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  1. #1
    Join Date
    Jan 2007
    Location
    Southern Illinois
    Posts
    26

    Default First Pumpkin Pollination Job

    I'm a sideline/hobby guy with 50 hives in Southern Illinois.

    I have a few bees on long term (all summer) pollination (fruit and veggi producer) and they are doing well.

    I am scheduled to do a small pumpkin job with 10 hives starting in late July. Having read the general comments, I understand I will be looking at bees not in top form when they come back to me.

    Any tips about hive placement before and after the grower sprays Sevin? Any general tips from you beeks who have learned some costly lessons that I want to avoid?

    Thanks

  2. #2
    Join Date
    Feb 2005
    Location
    Norfolk, Nebraska
    Posts
    134

    Default

    Have kept bees in vine crops for nearly 30 years. Many times they sit right in the fields. Never had any problems as long as the growers sprayed before 8AM or after 8PM and did not allow any overspray or drift on the hives.

    Disclaimer: Conditions with different producers, circumstances, etc my not produce the same relatively good results.

  3. #3
    Join Date
    Jan 2007
    Location
    Southern Illinois
    Posts
    26

    Default

    Understood.

    I wondered at the growers use of Sevin. Is that different than other growers?

    The grower has the other guy do the spraying and stated he has no control as to the time it is done.

    Thanks for your reply.

  4. #4
    Join Date
    Mar 2008
    Location
    Ennis, TX USA
    Posts
    5,031

    Default

    Quote Originally Posted by farmdon View Post
    The grower has the other guy do the spraying and stated he has no control as to the time it is done.
    I would see if I could get number of they guy doing the spraying. Take him a jar of Honey and see if you can work out a spray schedule. Looking at the Sevin label. It says it's best to spray early morning or late afternoon.


    http://www.gardentech.com/images/SevinConc16oz.pdf
    Chuck Norris once roundhouse kicked Hulk in the face. Now he hides in the forest and changed his name to Shrek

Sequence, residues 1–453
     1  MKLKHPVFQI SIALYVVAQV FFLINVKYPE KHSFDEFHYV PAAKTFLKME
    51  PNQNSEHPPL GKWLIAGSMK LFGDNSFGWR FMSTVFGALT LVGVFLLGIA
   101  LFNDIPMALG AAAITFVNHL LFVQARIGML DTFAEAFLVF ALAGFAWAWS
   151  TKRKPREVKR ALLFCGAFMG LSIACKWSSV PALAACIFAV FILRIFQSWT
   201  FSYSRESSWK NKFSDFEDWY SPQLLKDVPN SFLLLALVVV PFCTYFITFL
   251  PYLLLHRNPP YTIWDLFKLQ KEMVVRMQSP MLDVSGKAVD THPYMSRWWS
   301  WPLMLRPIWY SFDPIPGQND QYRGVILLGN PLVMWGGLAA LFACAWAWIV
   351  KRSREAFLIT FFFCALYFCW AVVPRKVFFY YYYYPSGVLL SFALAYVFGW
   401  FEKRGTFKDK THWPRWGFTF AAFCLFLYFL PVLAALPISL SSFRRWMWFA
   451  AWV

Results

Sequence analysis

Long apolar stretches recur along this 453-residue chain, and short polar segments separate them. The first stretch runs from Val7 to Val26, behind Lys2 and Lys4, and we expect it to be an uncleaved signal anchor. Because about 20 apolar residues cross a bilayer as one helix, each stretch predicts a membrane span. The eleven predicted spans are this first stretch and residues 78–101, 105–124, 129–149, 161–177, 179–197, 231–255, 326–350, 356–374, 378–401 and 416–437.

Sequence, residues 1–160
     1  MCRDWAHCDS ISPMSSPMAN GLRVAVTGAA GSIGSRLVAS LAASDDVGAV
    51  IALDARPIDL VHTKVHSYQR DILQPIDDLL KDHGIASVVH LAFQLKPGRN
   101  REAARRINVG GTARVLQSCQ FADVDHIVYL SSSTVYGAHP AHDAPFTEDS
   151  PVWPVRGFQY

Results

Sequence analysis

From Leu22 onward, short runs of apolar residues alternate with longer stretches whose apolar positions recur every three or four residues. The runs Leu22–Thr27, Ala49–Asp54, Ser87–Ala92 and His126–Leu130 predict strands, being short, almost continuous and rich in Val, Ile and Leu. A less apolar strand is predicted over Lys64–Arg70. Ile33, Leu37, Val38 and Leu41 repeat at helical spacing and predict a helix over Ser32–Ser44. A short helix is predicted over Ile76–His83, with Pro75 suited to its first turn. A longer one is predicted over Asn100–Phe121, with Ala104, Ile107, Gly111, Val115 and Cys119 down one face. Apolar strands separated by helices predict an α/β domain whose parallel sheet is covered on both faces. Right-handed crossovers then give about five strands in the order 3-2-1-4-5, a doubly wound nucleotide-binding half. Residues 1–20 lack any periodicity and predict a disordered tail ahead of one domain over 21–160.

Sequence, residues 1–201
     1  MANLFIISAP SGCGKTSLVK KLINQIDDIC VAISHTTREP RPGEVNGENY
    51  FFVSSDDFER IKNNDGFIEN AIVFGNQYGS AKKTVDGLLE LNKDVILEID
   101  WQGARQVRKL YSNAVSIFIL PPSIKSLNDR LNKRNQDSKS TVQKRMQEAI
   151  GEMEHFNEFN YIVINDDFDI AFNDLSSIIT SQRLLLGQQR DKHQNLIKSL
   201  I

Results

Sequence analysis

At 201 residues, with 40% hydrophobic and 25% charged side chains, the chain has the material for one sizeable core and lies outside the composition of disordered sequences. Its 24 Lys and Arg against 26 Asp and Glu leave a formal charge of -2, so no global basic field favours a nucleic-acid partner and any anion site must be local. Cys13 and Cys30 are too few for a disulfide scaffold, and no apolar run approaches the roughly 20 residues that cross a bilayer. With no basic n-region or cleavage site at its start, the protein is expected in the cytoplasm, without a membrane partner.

5. #5
    Join Date
    May 2008
    Location
    Fresno California USA
    Posts
    2,479

    Default Pollination

    Sounds like trouble to me, poor attitude on growers part. I have a clause in my contract for $10 additional to remove & replace for spray. Access to move is often difficult if bees are in field. An experienced applicator will know how to avoid pollinator damage. Of course after they get knocked own, even once, they won't do much pollinating afterward. Aphids can be very hard to kill on the underside of those big leaves. Summer pollination is usually real hard on the bees and the effects may not be evident immediately. Be sure to charge enough.

    Oh great, another learning experience.

  6. #6
    Join Date
    Oct 2007
    Location
    VENTURA, California, USA
    Posts
    3,599

    Default Summer pollination is usually real hard on the bees

    The grwoer can do what's called chemigation and is not required to notify you because the pesticide is being applied through the water.
    I suggest an alternate plan like wildflower honey.
    I know of a beekeeper that lost a lot of hives in watermelon pollination. He did not know that the grower used chemigation until late in the season.
    Ernie
    Ernie
    My websitehttp://bees4u.com/

  7. #7
    Join Date
    Jan 2007
    Location
    Southern Illinois
    Posts
    26

    Default

    Thanks for the insights. The job has potential to become bigger with good results from my girls. I'm going to hedge my bets by using my 2nd string hives and be prepared for the worst.

    Not to start another thread .... but if your primary job makes good money, I find that you only want just so many honey hives. A greater number means you have another job that doesn't pay well and the boss is a jerk.

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